Do the same for the n/s indicators but colour code the wires Blue/White/Green connecting to 15
and 16 on the chock block.
From Fuse A, connect to 28 (Green/Red/Blue) then to one connector on the indicator relay (use
the two terminal type, they are easier) from here, link the second terminal to the hazard switch. Colour
code this wire Green/Red only. From the other hazard/indicator connection link to the feed connection
on the indicator switch, also code this Green/Red.
From fuse B,connect to 26 (Green/white/Yellow) then on to one connector on the hazard relay
(see above note.) but colour code this wire green/white only. If the hazard switch does not have an
inbuilt warning lamp (most do) you will need to connect to one, colour code this wire also green/white.
One of the two remaining wires will connect to the indicator switch output, for the n/s indicators (code
this one green/blue) and the other to the o/s indicators output (code this one green/green)
All that remains is to connect the output from the indicator stalk. From the n/s output run a wire
to the indicator warning bulb and using a piggyback connection run a wire to 15 / 16 . And from the o/s
output connect to the indicator warning bulb, and again using a piggyback connection down to 17 / 18.
If you are only using one warning bulb then you will have connected both outputs from the indicator
switch to either side of the same bulb, if not then the warning bulbs will need an earth providing for
them. The earths (from behind the dash) can all be linked together, and connected to 31 (colour earth
wires green/yellow) (you can buy green/yellow earth tape from almost anywhere)
The circuit from fuse B controls the washers,wipers, heater and brake lights. You will notice that
the wiper motor and heater motor do not have any connections on the chock blocks. This is because I’m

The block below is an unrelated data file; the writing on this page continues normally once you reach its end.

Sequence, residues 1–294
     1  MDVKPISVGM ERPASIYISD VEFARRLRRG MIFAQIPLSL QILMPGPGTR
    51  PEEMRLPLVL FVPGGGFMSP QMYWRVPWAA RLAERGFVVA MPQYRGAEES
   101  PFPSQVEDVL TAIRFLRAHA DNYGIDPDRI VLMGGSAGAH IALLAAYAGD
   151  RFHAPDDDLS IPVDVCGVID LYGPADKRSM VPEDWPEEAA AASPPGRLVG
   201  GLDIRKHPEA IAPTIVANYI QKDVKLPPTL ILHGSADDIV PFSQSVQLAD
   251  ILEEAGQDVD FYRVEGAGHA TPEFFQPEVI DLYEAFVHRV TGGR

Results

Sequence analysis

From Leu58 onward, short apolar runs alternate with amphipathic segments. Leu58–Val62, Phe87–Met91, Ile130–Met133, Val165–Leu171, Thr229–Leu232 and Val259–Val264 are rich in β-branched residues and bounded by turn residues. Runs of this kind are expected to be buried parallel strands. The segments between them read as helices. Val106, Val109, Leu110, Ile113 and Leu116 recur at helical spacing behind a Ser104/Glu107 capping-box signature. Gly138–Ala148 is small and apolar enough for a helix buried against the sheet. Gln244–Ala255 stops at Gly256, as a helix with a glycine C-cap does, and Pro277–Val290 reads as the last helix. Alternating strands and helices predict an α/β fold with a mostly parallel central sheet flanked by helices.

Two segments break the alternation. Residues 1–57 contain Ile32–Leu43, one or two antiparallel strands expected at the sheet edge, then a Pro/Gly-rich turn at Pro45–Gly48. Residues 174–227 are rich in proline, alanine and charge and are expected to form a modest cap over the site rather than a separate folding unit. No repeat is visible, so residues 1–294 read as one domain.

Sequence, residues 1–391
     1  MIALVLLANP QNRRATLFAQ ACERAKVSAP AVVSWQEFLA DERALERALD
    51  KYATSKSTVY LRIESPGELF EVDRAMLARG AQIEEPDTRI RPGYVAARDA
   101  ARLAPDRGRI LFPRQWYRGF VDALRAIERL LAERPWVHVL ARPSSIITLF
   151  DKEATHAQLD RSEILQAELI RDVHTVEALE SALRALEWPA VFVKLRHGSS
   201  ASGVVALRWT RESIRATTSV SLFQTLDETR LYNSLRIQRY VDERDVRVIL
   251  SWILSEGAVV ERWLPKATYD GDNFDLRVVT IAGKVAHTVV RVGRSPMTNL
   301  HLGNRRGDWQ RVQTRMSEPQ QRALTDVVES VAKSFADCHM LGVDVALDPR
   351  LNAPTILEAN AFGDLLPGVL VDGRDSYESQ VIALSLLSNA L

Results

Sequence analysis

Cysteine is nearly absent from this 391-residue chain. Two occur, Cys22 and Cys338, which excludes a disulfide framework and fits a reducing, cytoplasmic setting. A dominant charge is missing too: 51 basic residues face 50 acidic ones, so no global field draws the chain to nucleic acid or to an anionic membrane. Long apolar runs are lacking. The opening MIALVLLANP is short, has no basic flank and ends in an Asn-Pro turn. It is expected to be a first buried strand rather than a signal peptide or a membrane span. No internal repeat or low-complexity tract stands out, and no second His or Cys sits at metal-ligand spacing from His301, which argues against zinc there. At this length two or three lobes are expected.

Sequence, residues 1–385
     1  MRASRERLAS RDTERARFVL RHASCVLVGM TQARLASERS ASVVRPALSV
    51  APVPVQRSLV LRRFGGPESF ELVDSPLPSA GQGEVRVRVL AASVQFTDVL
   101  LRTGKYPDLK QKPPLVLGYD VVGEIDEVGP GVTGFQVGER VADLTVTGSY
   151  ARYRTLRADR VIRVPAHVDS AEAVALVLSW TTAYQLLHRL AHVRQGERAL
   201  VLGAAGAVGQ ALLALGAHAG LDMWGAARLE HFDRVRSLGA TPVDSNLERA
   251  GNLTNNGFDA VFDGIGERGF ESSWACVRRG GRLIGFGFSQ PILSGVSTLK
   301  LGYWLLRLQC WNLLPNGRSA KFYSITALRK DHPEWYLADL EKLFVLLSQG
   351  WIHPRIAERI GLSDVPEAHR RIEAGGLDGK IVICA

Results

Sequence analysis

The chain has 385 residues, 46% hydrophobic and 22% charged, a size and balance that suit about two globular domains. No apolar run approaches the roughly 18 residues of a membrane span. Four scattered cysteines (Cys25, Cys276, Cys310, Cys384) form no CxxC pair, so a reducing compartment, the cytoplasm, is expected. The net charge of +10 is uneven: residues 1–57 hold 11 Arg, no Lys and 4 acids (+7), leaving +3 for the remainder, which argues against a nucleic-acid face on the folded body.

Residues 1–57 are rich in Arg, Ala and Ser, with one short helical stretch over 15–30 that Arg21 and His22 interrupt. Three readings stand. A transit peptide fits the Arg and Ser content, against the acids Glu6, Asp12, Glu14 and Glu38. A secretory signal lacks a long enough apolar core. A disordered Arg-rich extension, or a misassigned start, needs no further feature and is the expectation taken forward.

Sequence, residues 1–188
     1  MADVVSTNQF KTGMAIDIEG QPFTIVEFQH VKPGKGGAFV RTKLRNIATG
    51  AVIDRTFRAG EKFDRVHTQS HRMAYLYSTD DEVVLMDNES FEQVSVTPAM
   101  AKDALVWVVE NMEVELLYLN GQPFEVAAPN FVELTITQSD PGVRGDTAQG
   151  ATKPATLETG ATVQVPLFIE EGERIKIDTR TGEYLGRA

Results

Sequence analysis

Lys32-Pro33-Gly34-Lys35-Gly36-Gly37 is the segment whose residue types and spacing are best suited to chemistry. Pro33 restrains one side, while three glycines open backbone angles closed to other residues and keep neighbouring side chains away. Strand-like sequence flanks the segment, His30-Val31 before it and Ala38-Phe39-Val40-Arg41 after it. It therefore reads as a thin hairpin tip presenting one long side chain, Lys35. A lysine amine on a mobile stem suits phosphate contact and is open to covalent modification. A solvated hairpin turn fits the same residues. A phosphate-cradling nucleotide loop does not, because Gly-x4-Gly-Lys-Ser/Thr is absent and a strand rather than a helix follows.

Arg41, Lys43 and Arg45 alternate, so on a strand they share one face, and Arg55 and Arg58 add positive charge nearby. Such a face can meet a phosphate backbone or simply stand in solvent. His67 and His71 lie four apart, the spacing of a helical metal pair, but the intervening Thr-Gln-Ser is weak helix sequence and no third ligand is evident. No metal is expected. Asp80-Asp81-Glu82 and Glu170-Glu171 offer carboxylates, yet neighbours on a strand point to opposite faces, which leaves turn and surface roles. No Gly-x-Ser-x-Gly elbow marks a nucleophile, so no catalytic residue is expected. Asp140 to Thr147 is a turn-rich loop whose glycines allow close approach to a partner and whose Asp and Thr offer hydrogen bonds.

assuming that these components live under the dash and therefore wont need any connections on the
chock blocks. Remember that all these components can be all linked from one wire, piggy backed from
one to other. So from no.29 run a wire to the wiper switch piggy backed to the heater motor switch,
then on to washer switch (if separate from the wiper switch) then on to the brake light switch.
The circuit for fuse C is very simple, it just goes direct to the engine cooling fan sender and from
the -ve side of the sender you could connect two wires (if you are the usual paranoid kit car owner) one
goes to the +ve side of the radiator fan, (the fans other connection goes down to earth) the second wire
runs back to the chock block connector no.8. Chock block connector no.7 gets it’s power from a
second connection to fuse C. If I have to explain fuse D and fuse H then your reading the wrong
article. Likewise fuse E shouldn’t pose any problems
Fuse E is for the horn, and here is the odd ball in the automotive industry. Horns can be single
terminal or two terminal and they tend to be wired differently. Single terminal horns are supplied with a
live via the horn switch, (Supply from Fuse E, run to 24 and on up to the horn switch and then back
down to 10 and on down to the horn.) twin terminal horns can be either as above OR have a live feed
to them and the horn switch provides the earth. (horn buttons in center of steering wheel are this type.)
So either wire the horn as shown above or run a live from Fuse E to the horn, and then connect back up
to chock block connection 24 or 10, and on to the horn switch.(which will earth the horn)
Fuse F is for the lighting circuit. It should present no problems if you have tackled the rest of the
wiring loom so far. By now you should be able to see that the most obvious way to connect the side
lights would be; from the light switch, link a wire to all of the dash lights, and from the switch run a
wire down to the chock block no.11 and from here link it to no.12. From the light switch, the second
position will link directly to the “dip switch” from here connect to no.13 for dipped lights, and no.14
for the main beam. From the dip switch a second wire at the main beam connection (use piggy back
connections) will connect to the main beam warning lamp, and from the bulb -ve side down to earth.
The flasher switch will get it’s power from the “hot” side of the lights switch. The fog lamp gets it’s
power from the “hot” side of the dip switch, thus your fog lamps can only come on with the dipped
/main beam lights, and not with just the side lights. (or even without any lights being on.)
Chock blocks
BLOCK 1 WIRING COLOUR CODE
NO. device
1 Oil. Red-white-red
2 Temperature. Red-white-blue
3 Alternator. Red-white-brown
4 Coil. Red-white-green
5 Starter. Red-white-yellow
BLOCK 2
6 Fuel gauge. White-red-white
7 Cooling fan override. White-red-blue
8 Cooling fan override. White-red-brown
9 Ignition switch feed. White-red-green
10 Horn. White-red-yellow
BLOCK 3
11 Side lights front. Blue-white-red
12 Side lights rear. Blue-white-red (same as 11)
13 Dip lights. Blue-white-blue
14 Main beam. Blue-white-brown